California Set to Get Another 25,000 EV Charging Stations

Mon, 3/12/2018 - 7:07 pm by Kirsten Rincon

The EV charging infrastructure in California just keeps expanding. Already at the forefront of EV adoption, thanks in large part to the fact that it has the most extensive charging station network in the country, California is bound to extend its lead over all other states in terms of electric vehicle ownership, if the California Public Utilities Commission (CPUC) approves a plan proposed by Pacific Gas and Electric Company (PG&E), involving installation of 25,000 charging stations in several regions across the state.

PG&E, a utility company that supplies a large part of California with natural gas and electricity, has requested permission from the CPUC to use ratepayer money to build 25,000 EV charging stations in northern and central California, in areas that it already services. The company plans to invest $654 million in a program that would start in 2018 and will last through 2022. If this proposal is approved, it will increase the number of stations in California by 8 times. According to PG&E, there are over 60,000 electric vehicles in the areas it services currently, which is about one-fifth of the total number of EVs in the country.

The majority of the stations will employ Level 2 chargers, which can add an extra 25 miles of range with a 1-hour charge. At selected charging sites, PG&E will install DC fast chargers, as well, in order to allow EV owners to complete longer trips between cities. These fast chargers can fully recharge an electric-car battery in only 30 minutes. Most stations will be installed at commercial locations, as well as residential areas and about 10% of them will be located in disadvantaged communities.

While PG&E’s proposal can definitely bring a lot of benefits to California residents, as it will help put more electric vehicles on the road, resulting in reduced greenhouse gas emissions and improved air quality, it will also add an extra financial burden on all of its customers, regardless of whether they own an electric car or not. The company said that in order to be able to pay for this project, it will have to raise electricity rates by 70 cent between 2018 and 2022, which might seem unfair to customers who don’t drive electric vehicles, as they will not be using the charging stations that they helped finance.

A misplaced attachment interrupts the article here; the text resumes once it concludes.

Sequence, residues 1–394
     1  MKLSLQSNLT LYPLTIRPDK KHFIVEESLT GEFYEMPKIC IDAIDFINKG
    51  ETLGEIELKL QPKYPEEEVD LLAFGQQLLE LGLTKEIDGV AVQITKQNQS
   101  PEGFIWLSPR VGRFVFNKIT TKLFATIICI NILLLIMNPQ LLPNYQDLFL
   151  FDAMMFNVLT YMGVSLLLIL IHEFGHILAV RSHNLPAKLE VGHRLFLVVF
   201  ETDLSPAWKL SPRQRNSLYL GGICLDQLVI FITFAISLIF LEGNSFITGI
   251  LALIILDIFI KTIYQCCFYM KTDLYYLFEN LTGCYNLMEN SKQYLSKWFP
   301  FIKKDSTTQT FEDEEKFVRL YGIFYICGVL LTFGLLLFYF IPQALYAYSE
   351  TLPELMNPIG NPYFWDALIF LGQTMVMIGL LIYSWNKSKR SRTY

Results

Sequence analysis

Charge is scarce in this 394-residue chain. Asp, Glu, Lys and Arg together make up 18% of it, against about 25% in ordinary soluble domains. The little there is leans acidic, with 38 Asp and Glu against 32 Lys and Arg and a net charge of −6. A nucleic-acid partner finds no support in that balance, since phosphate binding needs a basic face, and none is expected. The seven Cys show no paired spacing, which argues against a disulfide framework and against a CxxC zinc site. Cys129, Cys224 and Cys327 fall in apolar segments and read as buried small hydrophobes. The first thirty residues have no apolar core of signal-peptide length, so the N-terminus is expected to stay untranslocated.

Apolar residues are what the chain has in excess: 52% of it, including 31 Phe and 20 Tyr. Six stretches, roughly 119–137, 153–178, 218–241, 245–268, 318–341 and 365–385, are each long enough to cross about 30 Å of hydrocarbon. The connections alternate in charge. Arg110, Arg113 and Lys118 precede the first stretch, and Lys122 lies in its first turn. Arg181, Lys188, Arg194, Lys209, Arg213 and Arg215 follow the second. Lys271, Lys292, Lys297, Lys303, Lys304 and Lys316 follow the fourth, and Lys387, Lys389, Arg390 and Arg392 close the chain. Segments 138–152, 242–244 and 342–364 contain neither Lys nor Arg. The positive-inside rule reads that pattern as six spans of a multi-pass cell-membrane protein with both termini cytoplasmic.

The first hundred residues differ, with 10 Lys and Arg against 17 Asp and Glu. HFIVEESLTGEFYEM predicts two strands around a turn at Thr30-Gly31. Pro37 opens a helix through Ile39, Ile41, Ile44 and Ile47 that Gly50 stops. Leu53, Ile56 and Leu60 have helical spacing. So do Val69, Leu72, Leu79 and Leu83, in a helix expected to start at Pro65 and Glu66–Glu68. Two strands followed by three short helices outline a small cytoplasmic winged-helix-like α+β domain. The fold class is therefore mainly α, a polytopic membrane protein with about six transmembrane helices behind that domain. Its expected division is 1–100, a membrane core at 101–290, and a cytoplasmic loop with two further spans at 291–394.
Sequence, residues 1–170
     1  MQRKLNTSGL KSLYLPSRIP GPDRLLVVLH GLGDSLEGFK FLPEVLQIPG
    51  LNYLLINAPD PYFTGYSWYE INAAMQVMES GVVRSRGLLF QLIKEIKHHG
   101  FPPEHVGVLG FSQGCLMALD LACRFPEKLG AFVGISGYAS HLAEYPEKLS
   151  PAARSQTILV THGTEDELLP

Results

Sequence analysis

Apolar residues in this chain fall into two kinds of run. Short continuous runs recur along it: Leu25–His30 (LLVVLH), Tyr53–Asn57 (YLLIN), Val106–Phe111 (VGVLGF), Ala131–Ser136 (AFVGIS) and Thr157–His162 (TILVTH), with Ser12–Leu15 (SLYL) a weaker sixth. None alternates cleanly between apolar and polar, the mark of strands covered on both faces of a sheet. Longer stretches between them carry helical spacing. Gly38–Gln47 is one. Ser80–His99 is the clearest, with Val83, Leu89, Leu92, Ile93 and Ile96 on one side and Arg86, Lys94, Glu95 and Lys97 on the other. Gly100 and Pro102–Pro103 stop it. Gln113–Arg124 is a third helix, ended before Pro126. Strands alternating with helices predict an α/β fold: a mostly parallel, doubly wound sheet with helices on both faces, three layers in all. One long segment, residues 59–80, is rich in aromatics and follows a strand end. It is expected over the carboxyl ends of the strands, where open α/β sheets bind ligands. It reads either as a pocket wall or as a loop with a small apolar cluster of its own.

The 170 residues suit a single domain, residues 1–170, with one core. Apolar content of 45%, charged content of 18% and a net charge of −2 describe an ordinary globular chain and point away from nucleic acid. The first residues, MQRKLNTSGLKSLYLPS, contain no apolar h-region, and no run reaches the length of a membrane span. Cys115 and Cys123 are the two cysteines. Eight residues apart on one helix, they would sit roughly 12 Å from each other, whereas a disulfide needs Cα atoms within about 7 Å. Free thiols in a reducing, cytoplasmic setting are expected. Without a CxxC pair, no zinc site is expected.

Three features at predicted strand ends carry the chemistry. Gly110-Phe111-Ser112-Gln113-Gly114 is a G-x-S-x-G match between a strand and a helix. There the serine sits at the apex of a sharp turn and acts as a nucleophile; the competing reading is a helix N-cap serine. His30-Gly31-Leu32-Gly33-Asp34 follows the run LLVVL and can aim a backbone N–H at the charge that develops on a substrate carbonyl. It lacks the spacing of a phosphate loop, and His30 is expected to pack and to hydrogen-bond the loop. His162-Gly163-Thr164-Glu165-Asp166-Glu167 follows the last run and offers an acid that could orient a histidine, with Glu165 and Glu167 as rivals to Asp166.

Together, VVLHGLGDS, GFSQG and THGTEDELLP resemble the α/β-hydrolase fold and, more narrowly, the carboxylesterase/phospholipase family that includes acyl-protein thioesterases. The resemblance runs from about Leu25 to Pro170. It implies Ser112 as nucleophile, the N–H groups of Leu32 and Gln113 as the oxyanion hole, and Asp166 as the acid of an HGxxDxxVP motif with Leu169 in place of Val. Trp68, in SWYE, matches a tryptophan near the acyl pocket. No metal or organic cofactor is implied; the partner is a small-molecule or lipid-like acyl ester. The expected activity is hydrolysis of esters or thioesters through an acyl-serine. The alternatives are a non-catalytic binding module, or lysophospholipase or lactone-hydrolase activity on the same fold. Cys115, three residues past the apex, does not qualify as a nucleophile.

But, PG&E argues that its plan would help accelerate EV adoption, as it addresses one of the key issues that is holding it back – the lack of supporting infrastructure. Also, it could help California meet its target of putting 1.5 million EVs on the streets by 2025, and reduce carbon emissions 80% below 1990 levels by 2050.

“Our proposed build-out of EV charging infrastructure aims to accelerate customer adoption of clean, quiet, and efficient plug-in vehicles by reducing lingering range anxiety. It reflects our commitment to helping the state of California meet its critical clean air and greenhouse gas emissions reduction goals by promoting cleaner transportation,” said Tony Earley, chairman, president, and CEO of PG&E Corporation, in a press release.

According to the company itself, the state will need about 100,000 charging stations by 2020 if it wants to meet these goals, that at the moment seem to be overly ambitious.